The seminar has been postponed. We will shortly announce the new date and time.
On Friday March 24, at 1:00 p.m., Montse Salmerón will present a seminar at the Aula Dei Experimental Station (CSIC). Montse Salmerón is Assistant Professor of grain crop eco-physiology and modeling in the Department of Plant Science at the University of Kentucky, in the United States. The seminar will be held by teleconference, and can be followed from the Aula Dei auditorium or remotely, through this link.
Montse Salmerón developed her doctoral thesis at the Center for Agrifood Research and Technology of the Government of Aragon (CITA), under the direction of doctors Ramón Isla and José Cavero. Her thesis, defended in 2011 At University of Lleida, was titled “Strategies to optimize the use of nitrogen in extensive irrigated crops in the Ebro Valley”.
At her University of Kentucky Lab, Montse Salmerón is studying the interactive effects of environment, management, and crop genetics on the productivity and sustainability of grain cropping systems. She addresses this complex question with a multi-disciplinary approach that integrates agronomic and hypothesis-driven eco-physiology research with the use of crop simulation models. Main research questions in her lab try to fill knowledge gaps in soil-plant-atmosphere interactions and plant processes that ultimately determine yield and grain composition.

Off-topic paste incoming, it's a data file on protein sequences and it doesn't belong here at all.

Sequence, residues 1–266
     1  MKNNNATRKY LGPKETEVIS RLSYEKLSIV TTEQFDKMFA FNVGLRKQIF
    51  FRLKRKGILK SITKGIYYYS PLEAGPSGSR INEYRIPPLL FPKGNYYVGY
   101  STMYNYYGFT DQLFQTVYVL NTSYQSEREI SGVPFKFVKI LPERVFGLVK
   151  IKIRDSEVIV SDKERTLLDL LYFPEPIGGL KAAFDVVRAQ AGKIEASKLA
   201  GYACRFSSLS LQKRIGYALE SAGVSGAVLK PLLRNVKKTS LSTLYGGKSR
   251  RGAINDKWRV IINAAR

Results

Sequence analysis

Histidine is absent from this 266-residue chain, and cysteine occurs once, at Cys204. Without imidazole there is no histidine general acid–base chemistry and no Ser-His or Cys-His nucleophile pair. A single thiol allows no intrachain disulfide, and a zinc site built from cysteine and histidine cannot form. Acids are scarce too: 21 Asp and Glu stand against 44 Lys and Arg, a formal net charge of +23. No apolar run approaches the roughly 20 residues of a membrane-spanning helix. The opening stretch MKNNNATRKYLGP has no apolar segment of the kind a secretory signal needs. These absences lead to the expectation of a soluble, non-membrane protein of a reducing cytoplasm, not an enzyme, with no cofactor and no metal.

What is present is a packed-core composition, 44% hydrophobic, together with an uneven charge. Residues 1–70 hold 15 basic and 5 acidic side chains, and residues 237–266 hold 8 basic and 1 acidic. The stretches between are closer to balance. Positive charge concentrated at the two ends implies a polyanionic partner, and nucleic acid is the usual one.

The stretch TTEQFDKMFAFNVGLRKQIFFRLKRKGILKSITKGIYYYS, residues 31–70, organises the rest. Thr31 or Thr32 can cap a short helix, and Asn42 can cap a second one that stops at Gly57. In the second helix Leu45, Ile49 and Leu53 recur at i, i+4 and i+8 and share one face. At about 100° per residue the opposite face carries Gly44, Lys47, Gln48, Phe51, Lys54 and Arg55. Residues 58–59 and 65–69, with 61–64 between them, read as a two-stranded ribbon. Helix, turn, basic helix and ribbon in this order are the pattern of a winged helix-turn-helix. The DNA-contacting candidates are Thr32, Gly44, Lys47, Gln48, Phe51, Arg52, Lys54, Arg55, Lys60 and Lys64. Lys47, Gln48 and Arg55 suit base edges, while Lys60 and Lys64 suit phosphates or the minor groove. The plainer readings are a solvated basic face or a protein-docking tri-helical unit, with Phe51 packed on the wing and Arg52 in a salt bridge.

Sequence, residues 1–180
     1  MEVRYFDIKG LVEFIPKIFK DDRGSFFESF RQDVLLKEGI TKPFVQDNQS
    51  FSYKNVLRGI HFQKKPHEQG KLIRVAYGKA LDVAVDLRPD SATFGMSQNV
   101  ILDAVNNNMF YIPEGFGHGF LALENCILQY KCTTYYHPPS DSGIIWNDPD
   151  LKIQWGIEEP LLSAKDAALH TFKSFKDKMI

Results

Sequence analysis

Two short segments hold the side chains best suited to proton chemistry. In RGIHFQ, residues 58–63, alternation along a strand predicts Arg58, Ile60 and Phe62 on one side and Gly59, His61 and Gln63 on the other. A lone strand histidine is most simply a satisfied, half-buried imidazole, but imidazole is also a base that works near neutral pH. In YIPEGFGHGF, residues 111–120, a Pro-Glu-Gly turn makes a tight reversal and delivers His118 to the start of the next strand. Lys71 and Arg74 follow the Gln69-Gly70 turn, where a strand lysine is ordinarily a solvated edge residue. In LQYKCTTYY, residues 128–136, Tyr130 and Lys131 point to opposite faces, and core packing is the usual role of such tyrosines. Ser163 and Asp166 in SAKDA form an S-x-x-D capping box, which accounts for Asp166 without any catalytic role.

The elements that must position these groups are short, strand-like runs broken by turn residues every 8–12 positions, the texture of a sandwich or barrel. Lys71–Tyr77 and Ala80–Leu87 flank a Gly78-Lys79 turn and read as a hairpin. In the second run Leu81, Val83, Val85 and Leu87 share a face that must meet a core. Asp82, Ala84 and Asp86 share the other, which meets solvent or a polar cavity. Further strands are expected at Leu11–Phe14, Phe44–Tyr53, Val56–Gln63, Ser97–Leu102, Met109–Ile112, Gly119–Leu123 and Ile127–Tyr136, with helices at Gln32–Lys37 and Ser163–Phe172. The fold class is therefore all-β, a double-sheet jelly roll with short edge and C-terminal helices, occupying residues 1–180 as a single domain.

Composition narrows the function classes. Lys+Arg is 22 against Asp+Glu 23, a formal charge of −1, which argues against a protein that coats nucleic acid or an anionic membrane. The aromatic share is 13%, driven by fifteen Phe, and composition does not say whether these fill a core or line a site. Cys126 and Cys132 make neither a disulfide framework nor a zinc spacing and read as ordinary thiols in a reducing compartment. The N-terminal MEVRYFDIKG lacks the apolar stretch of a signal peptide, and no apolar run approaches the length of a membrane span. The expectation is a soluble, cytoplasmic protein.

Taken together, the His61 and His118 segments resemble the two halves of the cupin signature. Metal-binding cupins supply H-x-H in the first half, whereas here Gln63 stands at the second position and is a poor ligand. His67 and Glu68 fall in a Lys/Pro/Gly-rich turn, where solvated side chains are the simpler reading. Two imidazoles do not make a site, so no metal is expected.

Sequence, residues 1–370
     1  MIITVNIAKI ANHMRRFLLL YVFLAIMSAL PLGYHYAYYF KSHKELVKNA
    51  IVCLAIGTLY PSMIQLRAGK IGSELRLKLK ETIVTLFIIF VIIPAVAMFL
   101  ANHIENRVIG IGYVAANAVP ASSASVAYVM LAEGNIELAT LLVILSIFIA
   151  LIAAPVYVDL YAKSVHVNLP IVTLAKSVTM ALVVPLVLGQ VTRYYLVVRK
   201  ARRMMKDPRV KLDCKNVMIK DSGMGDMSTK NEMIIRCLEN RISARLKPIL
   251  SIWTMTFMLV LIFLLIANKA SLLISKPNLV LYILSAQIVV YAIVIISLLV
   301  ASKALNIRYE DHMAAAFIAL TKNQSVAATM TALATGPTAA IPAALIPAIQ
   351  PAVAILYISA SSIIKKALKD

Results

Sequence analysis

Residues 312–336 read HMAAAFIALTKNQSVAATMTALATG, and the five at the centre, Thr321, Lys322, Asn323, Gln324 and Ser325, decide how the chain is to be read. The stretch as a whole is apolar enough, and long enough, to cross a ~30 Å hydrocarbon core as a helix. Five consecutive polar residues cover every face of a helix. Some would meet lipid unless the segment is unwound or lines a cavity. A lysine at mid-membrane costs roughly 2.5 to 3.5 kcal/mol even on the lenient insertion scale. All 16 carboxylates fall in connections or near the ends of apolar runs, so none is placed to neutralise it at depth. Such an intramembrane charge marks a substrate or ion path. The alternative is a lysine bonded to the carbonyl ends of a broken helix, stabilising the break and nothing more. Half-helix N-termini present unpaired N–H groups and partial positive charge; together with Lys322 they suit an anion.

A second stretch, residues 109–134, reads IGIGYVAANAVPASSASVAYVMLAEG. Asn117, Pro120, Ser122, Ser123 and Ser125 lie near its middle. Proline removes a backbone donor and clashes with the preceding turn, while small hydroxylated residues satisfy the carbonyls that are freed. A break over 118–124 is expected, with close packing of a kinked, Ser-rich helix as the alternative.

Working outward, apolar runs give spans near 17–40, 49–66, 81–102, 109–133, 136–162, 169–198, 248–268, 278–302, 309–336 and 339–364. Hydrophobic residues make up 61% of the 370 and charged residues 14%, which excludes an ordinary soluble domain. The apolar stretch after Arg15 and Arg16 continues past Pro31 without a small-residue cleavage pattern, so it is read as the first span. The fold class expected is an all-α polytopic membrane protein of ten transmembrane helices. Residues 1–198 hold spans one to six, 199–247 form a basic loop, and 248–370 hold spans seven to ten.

The research presented will include different multi-site collaborative projects as well as an international research initiative, with major focus on soybean. Soybean is a major grain crop and most widely grown legume worldwide. While average U.S. soybean yields have increased over time, the historical decline in seed protein concentration is a pressing concern. In addition, yield projections for this crop simulated by crop models show high uncertainty due to differences in how models respond to temperature, CO2, and how they simulate evapotranspiration and water stress.
Multi-site trials were conducted to investigate the mechanisms involved in seed protein determination at the plant and canopy level employing a systems approach that considers C and N cycling, as well as measurements of N2 fixation. Results indicated that soybean yield and seed protein concentration is limited by the inability of biological N fixation to keep up with high rates of crop N demand in modern cultivars of high yield potential. Her also provide evidence that differences in the crop N status of a legume crop in response to cultural practices can be assessed with crop indices obtained from aerial imaging. Lastly, Montse Salmeron will share key findings from multi-model studies evaluating different soybean models for climate change applications and for the simulation of evapotranspiration.
This seminar will disseminate the latest work of a researcher trained in the RAMA group, who is currently conducting research on the crops that sustain food security in the world.